Mesa voters have approved a $70 million bond for the city to make a myriad of improvements, according to unofficial results
With 90 percent of the precincts reporting, 58 percent of voters supported the measure.
The city asked for approval of the bond to help improve aging parks and add new parks and trails. Old playgrounds would be replaced, irrigation improved and shade structures added.
“I’m really pleased so far. It looks like it’s pulling ahead,” Mayor Scott Smith told the East Valley Tribune during a phone conversation Tuesday night. “The need in Mesa is like the need in most communities. We need to continue to invest in our community. Because of the recession, we haven’t kept up. These are investments that will pay back over many, many years, decades. And the citizens are agreeing, at least right now, that these are the things the people want to do in our community to make Mesa a better place.”
Later, Smith sent out another statement: “We are very gratified that City of Mesa residents have once again chosen to invest in our community. We are confident that these projects, which came from a citizen driven initiative, will Build a Better Mesa for current residents and generations to come. These improvements to our parks and trail systems are part of the iMesa process where residents were challenged to imagine a better community, invest in that community and improve our community. We hope to build on this success by utilizing the iMesa process to develop more ideas for great projects in the future.”
According to the city, the bonds would cost the owner of an average Mesa home $28.84 a year.
Of the bond funds, $8.7 million has been earmarked to convert former public school sites in west Mesa into parks. That includes the former Mesa Junior High School site, which now sits mostly vacant. The district closed the school in May 2012 as part of its “defining the future” program to address low enrollment and lower funding.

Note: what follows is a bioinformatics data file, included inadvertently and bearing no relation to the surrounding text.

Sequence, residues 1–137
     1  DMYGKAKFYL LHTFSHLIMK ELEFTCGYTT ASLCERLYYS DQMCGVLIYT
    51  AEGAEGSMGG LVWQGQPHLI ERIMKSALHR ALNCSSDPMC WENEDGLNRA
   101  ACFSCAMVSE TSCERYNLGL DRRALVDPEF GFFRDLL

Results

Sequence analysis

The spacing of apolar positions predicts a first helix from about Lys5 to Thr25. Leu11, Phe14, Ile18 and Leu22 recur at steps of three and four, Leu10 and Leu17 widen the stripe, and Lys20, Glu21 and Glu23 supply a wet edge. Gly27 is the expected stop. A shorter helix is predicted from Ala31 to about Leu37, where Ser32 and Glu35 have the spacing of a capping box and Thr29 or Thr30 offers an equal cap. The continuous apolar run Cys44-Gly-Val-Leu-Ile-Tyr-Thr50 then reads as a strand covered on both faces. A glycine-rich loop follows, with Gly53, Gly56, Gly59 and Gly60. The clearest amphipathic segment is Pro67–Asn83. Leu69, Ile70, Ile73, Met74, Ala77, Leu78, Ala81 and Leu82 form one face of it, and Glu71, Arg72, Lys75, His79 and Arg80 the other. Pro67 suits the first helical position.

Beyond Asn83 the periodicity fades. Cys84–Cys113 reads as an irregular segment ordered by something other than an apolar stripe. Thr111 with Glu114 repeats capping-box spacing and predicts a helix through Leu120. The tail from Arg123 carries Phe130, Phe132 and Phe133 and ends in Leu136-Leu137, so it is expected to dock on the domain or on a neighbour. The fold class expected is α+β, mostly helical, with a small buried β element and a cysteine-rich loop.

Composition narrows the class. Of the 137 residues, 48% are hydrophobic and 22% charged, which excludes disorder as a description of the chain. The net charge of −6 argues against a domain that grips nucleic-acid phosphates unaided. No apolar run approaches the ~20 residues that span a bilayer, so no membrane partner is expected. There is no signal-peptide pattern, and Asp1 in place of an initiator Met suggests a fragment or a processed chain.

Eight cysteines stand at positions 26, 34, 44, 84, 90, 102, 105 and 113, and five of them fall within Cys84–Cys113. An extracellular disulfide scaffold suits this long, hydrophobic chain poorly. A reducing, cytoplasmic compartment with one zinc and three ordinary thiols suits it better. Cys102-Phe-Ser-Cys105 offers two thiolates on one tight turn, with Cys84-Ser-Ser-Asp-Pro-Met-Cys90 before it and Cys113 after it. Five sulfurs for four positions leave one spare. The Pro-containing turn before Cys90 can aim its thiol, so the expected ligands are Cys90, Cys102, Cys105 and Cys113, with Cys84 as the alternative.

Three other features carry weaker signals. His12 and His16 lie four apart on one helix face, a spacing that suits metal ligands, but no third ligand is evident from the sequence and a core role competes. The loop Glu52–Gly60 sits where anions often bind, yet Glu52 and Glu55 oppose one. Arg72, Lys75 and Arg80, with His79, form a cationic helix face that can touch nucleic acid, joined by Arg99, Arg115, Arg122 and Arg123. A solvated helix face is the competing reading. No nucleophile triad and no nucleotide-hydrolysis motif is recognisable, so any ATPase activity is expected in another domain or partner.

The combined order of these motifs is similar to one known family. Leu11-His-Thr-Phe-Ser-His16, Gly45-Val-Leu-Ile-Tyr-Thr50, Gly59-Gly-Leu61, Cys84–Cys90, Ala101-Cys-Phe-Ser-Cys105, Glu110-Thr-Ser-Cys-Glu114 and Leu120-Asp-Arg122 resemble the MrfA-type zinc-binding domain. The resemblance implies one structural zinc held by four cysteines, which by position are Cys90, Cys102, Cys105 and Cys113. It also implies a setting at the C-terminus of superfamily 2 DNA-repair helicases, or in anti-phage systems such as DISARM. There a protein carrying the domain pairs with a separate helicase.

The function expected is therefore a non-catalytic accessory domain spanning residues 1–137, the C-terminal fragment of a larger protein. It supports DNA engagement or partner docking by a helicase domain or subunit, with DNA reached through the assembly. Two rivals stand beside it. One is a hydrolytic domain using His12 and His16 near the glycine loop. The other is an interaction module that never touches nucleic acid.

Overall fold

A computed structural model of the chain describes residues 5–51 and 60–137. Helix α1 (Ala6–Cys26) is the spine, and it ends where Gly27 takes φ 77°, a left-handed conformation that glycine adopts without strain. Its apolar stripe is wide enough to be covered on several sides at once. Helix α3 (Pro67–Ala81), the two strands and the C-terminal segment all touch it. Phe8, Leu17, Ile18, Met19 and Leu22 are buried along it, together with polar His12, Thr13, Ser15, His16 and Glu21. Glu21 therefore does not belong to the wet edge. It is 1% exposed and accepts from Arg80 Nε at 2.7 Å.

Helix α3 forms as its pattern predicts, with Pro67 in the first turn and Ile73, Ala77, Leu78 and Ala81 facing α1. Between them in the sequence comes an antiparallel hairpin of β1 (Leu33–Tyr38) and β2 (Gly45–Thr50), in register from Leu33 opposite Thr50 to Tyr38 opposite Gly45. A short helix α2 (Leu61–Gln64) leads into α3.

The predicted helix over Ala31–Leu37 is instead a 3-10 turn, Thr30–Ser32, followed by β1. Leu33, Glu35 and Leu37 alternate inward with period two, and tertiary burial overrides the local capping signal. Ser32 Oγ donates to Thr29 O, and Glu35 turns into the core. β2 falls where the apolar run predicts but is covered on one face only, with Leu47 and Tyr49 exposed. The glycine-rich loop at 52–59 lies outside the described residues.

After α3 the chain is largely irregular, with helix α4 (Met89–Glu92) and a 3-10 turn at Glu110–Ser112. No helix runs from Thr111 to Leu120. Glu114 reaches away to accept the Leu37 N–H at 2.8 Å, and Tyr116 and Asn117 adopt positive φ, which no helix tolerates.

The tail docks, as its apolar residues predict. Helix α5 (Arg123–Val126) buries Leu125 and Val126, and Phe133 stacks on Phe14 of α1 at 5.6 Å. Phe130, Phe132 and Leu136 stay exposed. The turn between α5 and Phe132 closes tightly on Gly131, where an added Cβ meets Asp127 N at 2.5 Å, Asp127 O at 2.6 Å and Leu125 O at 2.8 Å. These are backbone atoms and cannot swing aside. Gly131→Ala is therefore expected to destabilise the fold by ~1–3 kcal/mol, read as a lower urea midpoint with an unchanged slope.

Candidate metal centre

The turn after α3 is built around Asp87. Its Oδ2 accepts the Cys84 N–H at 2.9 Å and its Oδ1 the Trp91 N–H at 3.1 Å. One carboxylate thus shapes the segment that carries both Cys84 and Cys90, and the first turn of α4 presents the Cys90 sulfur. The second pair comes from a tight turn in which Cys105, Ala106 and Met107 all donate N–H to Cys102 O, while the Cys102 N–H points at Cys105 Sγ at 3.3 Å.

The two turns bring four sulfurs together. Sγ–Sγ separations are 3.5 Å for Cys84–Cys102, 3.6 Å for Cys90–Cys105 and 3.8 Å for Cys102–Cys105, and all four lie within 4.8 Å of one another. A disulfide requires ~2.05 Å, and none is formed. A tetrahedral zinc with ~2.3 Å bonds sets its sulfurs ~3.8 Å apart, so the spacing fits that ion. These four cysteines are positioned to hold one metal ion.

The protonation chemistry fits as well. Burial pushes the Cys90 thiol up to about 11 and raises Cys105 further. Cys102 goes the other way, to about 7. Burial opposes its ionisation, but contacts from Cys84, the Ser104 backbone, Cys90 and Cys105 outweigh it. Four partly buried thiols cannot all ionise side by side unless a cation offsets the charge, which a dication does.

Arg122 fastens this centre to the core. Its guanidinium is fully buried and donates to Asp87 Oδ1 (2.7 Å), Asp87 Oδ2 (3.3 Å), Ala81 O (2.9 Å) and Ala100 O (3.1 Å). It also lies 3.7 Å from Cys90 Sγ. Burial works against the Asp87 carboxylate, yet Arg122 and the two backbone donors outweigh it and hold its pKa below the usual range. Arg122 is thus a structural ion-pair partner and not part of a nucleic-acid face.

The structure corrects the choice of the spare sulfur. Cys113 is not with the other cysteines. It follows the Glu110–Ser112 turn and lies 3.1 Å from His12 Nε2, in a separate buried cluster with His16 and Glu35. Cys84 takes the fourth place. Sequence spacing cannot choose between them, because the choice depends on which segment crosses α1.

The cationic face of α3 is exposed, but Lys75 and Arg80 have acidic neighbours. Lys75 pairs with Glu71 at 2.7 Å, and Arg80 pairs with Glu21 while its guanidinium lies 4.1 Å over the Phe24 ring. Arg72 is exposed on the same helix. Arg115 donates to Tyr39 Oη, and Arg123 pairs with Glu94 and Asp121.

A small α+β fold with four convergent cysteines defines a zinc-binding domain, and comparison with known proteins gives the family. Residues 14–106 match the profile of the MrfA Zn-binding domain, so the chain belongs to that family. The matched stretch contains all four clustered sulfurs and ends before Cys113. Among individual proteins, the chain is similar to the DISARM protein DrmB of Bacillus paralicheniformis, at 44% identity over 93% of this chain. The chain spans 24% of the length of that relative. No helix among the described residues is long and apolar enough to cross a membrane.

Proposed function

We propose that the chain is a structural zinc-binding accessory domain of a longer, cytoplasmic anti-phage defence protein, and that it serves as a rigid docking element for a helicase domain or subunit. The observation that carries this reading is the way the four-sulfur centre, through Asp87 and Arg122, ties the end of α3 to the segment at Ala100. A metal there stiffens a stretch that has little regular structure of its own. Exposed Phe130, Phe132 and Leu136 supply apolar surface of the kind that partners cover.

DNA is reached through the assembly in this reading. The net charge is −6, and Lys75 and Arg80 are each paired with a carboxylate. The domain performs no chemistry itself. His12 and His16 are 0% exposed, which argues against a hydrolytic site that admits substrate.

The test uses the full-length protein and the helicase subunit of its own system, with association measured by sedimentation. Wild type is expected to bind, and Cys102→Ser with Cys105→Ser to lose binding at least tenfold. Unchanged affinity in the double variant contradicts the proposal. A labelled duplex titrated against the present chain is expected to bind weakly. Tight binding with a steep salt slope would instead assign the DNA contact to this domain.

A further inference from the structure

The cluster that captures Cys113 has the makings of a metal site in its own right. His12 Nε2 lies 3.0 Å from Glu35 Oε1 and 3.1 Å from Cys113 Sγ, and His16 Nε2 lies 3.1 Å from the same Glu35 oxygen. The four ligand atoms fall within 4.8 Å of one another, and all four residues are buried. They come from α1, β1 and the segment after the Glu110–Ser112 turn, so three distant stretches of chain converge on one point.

Smith said Tuesday night that the city hopes to transform the site into a community activity center with youth sports fields.
“We would be able to upgrade and use the gymnasium there and other facilities,” he said earlier in the night. He said there is no time line for the project yet. “We had some rough drawings. If the bond issue passes, we could have the money and start planning immediately and in the next couple of years it would be under construction.”
Part of the bond also is earmarked for historical preservation for a long-standing roadside landmark with an iconic neon sign in east Mesa.
With funds from the bond, the city also hopes to purchase the 15-acre Buckhorn Mineral Baths complex, convert vacant land into parks in east Mesa and build pedestrian paths, an estimated $10 million project for the 73-year-old complex on the southeast corner of Main Street and Recker Road.
The former business, known for its supposed healing powers from its hot mineral baths, once was owned by Ted and Alice Sliger and was the catalyst to lure Major League baseball teams to the Grand Canyon State for spring training, including the New York (now San Francisco) Giants in 1947 and later the Chicago Cubs in 1952.
The establishment also has a large collection of rare Native American stones and a collection of mounted animals once hunted by Ted Sliger Sr. The display shows many different animal species that used to live in Arizona.
Soon after Alice Sliger died at age 103 in October 2010, her son, Ted Sliger Jr., turned to the Mesa Historical Museum to help gather some of the artifacts in the building for safe-keeping as it continues to develop an ongoing exhibit dedicated to the history of spring training in Arizona, “Play Ball: The Cactus League Experience.” Exhibit planners hope to transform the exhibit - now housed in a former art gallery in downtown Mesa - into its own museum to promote tourism and showcase the East Valley’s role in developing spring training as a major economic engine and tourism draw.
The city’s bond question could have been larger, but with the school district’s $230 million bond question on the ballot, elected officials decided to address the most pressing needs first, according to city and school officials.
Tribune reporter Michelle Reese contributed to this story.
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